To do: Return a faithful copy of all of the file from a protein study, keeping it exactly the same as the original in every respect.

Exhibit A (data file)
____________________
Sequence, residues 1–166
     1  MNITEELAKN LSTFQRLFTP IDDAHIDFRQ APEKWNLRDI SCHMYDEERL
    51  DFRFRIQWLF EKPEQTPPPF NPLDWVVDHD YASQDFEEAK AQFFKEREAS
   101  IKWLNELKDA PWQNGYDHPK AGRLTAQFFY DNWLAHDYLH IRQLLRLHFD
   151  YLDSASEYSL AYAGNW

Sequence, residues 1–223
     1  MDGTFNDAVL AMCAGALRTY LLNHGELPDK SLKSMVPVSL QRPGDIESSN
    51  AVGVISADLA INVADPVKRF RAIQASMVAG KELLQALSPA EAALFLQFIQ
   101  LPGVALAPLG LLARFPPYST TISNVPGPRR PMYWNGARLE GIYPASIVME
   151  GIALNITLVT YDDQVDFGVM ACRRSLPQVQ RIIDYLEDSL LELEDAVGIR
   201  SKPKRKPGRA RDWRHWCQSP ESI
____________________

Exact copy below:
Sequence, residues 1–166
     1  MNITEELAKN LSTFQRLFTP IDDAHIDFRQ APEKWNLRDI SCHMYDEERL
    51  DFRFRIQWLF EKPEQTPPPF NPLDWVVDHD YASQDFEEAK AQFFKEREAS
   101  IKWLNELKDA PWQNGYDHPK AGRLTAQFFY DNWLAHDYLH IRQLLRLHFD
   151  YLDSASEYSL AYAGNW

Sequence, residues 1–223
     1  MDGTFNDAVL AMCAGALRTY LLNHGELPDK SLKSMVPVSL QRPGDIESSN
    51  AVGVISADLA INVADPVKRF RAIQASMVAG KELLQALSPA EAALFLQFIQ
   101  LPGVALAPLG LLARFPPYST TISNVPGPRR PMYWNGARLE GIYPASIVME
   151  GIALNITLVT YDDQVDFGVM ACRRSLPQVQ RIIDYLEDSL LELEDAVGIR
   201  SKPKRKPGRA RDWRHWCQSP ESI